Media Coverage. The changing way in which the Media reported the war and incidents such as the My Lai massacre angered many Americans. They saw many young men coming home in body bags, atrocities being carried out by US soldiers and the impression given by the media was that the war was unwinnable. People also questioned the need to be involved in Vietnam. Public Opinion polls conducted each month in America showed that public support for US involvement in the war dropped from 59% in March 1966 to 35% in August 1968 and just 28% by May 1971.

The protests took several forms.

Student protests. Several student organisations were established to oppose US involvement in Vietnam. These included Student Libertarian Movement, established in 1972. Student protests took the form of 'teach ins', marches and rallies.

Mass rallies and marches. Inspired by the Civil Rights Movement these saw large nmbers of people march in demonstration against the war. In 1967 over 400,000 people marched from Central Park to the UN headquarters to make their views clear. Details of other marches and rallies can be found on this page.

Music. Protests against the war were also influenced by many popular entertainers of the time. Music festivals often focussed on the anti-war theme and many songs were written about the war.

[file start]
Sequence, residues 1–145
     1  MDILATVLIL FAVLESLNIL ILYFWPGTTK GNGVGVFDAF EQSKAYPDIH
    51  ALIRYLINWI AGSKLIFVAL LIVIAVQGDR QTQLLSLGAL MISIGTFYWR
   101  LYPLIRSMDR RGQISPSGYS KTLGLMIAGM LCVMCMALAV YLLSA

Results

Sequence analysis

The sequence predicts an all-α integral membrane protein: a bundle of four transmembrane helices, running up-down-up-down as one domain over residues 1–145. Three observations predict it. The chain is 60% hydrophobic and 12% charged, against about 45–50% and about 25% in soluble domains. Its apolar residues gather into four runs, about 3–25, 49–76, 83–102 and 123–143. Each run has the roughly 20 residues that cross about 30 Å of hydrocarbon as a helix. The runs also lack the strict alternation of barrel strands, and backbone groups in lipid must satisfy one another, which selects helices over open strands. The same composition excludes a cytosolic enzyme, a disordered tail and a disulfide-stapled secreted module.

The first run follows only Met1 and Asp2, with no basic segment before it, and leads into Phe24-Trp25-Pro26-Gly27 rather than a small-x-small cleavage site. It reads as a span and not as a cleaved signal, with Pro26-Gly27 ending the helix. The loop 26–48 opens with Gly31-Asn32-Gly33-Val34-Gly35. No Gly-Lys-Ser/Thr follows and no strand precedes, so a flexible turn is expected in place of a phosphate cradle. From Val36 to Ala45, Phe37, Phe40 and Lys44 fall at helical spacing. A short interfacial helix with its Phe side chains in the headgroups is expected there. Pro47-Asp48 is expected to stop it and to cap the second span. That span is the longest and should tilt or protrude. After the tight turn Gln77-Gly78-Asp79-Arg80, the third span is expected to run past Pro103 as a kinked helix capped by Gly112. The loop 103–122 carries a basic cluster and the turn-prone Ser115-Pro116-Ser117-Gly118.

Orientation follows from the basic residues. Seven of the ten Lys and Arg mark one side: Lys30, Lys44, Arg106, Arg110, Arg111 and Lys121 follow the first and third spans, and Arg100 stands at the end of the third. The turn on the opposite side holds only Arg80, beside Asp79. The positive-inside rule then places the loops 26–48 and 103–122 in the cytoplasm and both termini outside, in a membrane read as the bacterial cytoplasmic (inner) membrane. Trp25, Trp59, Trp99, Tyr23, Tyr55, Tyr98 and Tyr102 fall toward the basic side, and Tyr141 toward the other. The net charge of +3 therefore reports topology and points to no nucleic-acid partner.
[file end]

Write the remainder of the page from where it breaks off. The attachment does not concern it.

The public reaction to the My Lai Massacre, the trial of Lieutenant Calley

Time Magazine. Article from 1969 outlining the international response to the My Lai massacre.

Spartacus Encyclopedia. Various accounts and reports relating to the My Lai massacre.

PBS. Overview of the investigations into the massacre.

My Lai: a brief history with documents. Excerpt of a book about the massacre and the public reaction to it.

My Lai and its legacy.

The Kent State University protest, 1970


May 4th 1970, Kent State University

Wikipedia. Background information about the Kent State University protest and shootings.

History Learning Site. Excellent narrative outlining the events of May 4th 1970.

Kent State 1970. Description of events in the build up to the shootings and of events on the 4th of May.


The Fulbright Hearings, 1971.

Wikipedia article about the Fulbright hearings.

Fulbright speaking about Vietnam.

The Fulbright Collection. Papers and speeches.

Key issue: Why were the US actions to end the Vietnam War unsuccessful?


The Tet Offensive and its impact on the war, 1968

Vets with a mission. Detailed account of the Tet Offensive.

US History. Overview of the Tet Offensive.

The Turning Point of the Vietnam War.


Attacks on Laos and Cambodia, 1970

Operation Menu. Narrative from wikipedia.

Spartacus Encyclopedia. US activity in Laos and Cambodia.

Vietnam, Laos and Cambodia: A brief history of 'Enlarging the problem'

US bombing of the North and attacks on Laos and Cambodia, 1970 –1972

Documentary evidence: Agent Orange in Laos and Cambodia.

President Richard Nixon, Henry Kissinger, and the Bombing of Cambodia

Air campaigns in Cambodia and Laos.

The Paris Peace Conference and US withdrawal

Paris Peace Accords. From wikipedia.

Vietnam Peace Conference.

Moratorium to end the Vietnam War.

Nixon announces the end of the Vietnam War.

How to understand the end of the Vietnam war


The fall of Saigon, 1975.

The Fall of Saigon.

ITN Footage of the Fall of Saigon

Stories about the Fall of Saigon